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Thread: Adirondack guide Boat Plans

  1. #1
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    Default Adirondack guide Boat Plans

    Hello, I just joined this forum so am a beginner. I am a fairly serious part time woodworker. I am interested in building a guide boat using cedar strips overly imaged ribs. Looking for good plans with hopefully templates etc. for the ribs. I've found plenty of plans for boats with no ribs but I want the ribbed look. I was hoping this type of plan existed out there, and I wouldn't have to loft all the curves?


    Thanks any help would be greatly appreciated.


    Chuck

  2. #2

    Default Re: Adirondack guide Boat Plans

    You might find this thread useful: http://forum.woodenboat.com/showthre...t-rib-drawings

    It includes a generous offer from forumite and author John Michne

  3. #3
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    Default Re: Adirondack guide Boat Plans

    Well. Chuck, this may be a case of your artitstic desires running a foul of the technology. Modern strippers are wood/epoxy/fiberglass composites. And the glass/epoxy part is most important for rigidity and strength. It has to be tightly laminated to the wooden hull inside and out. So in the initial stages of consruction there isn't any room for ribs. The plans give you the cross stations for the mold required to form the wood strip hull. Once you have finished laninating the hull you can put whatever you want inside it. But it has to be done after the interior glass is installed. And you are not likely to find plans or patterns for such ribs because they are unnecessary for the integrity of a stripper.
    Get a copy of Ted Moores' "Canoecraft". It has what you need to know about the strip-building process.

  4. #4
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    Default Re: Adirondack guide Boat Plans

    Quote Originally Posted by Cuyahoga Chuck View Post
    Well. Chuck, this may be a case of your artitstic desires running a foul of the technology. Modern strippers are wood/epoxy/fiberglass composites. And the glass/epoxy part is most important for rigidity and strength. It has to be tightly laminated to the wooden hull inside and out. So in the initial stages of consruction there isn't any room for ribs. The plans give you the cross stations for the mold required to form the wood strip hull. Once you have finished laninating the hull you can put whatever you want inside it. But it has to be done after the interior glass is installed. And you are not likely to find plans or patterns for such ribs because they are unnecessary for the integrity of a stripper.
    Get a copy of Ted Moores' "Canoecraft". It has what you need to know about the strip-building process.
    Thanks for the info. From what I have read you can do strip boat epoxied on just the outside with ribs on the inside, or epoxy on both sides with no ribs ?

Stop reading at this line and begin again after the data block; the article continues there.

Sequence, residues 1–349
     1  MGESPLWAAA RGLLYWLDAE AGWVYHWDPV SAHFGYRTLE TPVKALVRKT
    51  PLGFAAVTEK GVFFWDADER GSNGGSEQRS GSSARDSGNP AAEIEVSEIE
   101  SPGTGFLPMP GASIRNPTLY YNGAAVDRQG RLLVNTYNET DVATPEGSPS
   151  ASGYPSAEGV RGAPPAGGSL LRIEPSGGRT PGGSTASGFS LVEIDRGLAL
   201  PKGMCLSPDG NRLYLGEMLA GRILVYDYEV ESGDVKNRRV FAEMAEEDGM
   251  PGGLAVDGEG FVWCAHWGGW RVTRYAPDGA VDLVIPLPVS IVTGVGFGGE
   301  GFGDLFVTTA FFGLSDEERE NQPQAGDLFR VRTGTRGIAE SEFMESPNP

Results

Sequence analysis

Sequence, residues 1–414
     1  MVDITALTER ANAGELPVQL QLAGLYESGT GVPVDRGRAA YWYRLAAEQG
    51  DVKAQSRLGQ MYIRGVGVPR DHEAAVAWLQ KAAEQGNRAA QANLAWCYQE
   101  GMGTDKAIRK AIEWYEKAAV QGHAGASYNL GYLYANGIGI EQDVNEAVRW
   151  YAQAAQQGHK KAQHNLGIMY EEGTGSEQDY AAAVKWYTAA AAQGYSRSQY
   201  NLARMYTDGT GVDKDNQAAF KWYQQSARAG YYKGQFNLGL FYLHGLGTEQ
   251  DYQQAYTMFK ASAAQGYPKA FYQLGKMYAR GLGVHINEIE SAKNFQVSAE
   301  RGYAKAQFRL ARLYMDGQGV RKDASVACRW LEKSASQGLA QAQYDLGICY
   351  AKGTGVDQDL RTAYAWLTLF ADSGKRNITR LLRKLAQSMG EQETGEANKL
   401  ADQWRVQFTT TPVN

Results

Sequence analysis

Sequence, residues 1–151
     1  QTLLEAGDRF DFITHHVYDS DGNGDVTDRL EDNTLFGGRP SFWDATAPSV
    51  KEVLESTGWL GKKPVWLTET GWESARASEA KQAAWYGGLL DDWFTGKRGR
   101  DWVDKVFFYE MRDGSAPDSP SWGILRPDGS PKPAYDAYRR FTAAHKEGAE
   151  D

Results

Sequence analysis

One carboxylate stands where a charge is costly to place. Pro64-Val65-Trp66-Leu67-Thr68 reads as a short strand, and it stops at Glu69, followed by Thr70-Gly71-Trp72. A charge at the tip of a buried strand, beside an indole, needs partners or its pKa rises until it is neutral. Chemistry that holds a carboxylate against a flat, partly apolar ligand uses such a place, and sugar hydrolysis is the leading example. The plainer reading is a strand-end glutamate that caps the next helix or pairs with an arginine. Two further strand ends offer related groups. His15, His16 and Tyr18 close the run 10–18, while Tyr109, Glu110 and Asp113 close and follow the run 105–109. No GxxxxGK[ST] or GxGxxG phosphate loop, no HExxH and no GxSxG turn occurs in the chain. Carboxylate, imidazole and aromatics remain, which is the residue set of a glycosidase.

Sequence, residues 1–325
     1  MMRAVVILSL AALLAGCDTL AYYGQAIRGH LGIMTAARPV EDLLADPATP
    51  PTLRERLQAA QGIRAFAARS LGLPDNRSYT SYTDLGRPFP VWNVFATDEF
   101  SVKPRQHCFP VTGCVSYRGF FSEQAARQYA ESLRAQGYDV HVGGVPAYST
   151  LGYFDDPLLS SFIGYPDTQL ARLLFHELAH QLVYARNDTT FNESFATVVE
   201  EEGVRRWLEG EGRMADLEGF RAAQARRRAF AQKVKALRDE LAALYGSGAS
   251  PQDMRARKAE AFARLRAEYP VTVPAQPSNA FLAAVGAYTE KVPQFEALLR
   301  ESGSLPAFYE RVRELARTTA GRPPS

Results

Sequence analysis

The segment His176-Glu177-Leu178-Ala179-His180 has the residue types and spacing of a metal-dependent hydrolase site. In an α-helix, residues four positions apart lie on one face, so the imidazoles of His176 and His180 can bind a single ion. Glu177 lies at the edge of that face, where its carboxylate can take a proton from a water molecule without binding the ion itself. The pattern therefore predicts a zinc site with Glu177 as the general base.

5. #5
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    Default Re: Adirondack guide Boat Plans

    Quote Originally Posted by Chuck Fox View Post
    Thanks for the info. From what I have read you can do strip boat epoxied on just the outside with ribs on the inside, or epoxy on both sides with no ribs ?
    Without any experience doing it with glass on both sides is difficult enough. A stripper hull takes roughly 3 times as long as a similar Stitch and Glue version. If you get off on some modification of the standard method without a rock solid idea of the implications you may be headed for a lot of hairpulling. For instance, how many ribs do you need how big do they have to be and how do you make them? Steam bending isn't rocket science but there is a modicum of knowhow required to get it done in a reasonable amount of time.
    And there is the problem of whether ribs are as structurally as sound as a laminate of glass. One strip builder here has been adament that the interior glass is more important to the strength of the hull than the exterior because glass is strongest in tension.

  6. #6
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    Default Re: Adirondack guide Boat Plans

    I believe this book:
    http://www.amazon.com/Building-Adiro.../dp/0971306990
    http://www.woodenboatstore.com/product/300-684
    suggest a glassed exterior and ribbed interior technique. I haven't tried it. I'm currently working (slowly) on a traditional planked guideboat, but am laminating the ribs from steambent sitka spruce.

    For other plans the Adirondack Museum has a large number available (but they will require lofting, no rib templates) you can call them or email them via this:
    http://www.adirondackmuseumstore.com/info.html
    or there is:
    http://adirondack-guideboat.com/guideboat.html
    Who also provides direct rib plans and a useful book
    Last edited by Hugh Conway; 11-26-2012 at 07:27 PM.

  7. #7
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    Default Re: Adirondack guide Boat Plans

    There's a boatbuilder here in Vermont that builds Adirondack Guideboats just the way you want. A stripper hull, glassed inside and out, with laminated ribs thrown in just for the looks.
    With a stripper hull, you have to glass inside and out both for strength and rot protection. Glassing just the outside is an invitation to disaster.

    Don't confuse this with a strip-planked hull. Usually these are larger boats built with strips edge-nailed and glued. They have ribs, but not as many as a regular carvel planked boat. Glassing these types of hulls is optional. But again, if one side is glassed, it's best to do the other also.

    So, my advice is to buy a set of plans for a stripper guideboat and just laminate or steam bend the ribs in latter.

    i'm currently building a glued lapstrake sailboat and am thinking of putting in ribs, although not needed for strength, just for the traditional looks.
    I was born on a wooden boat that I built myself.

  8. #8
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    Default Re: Adirondack guide Boat Plans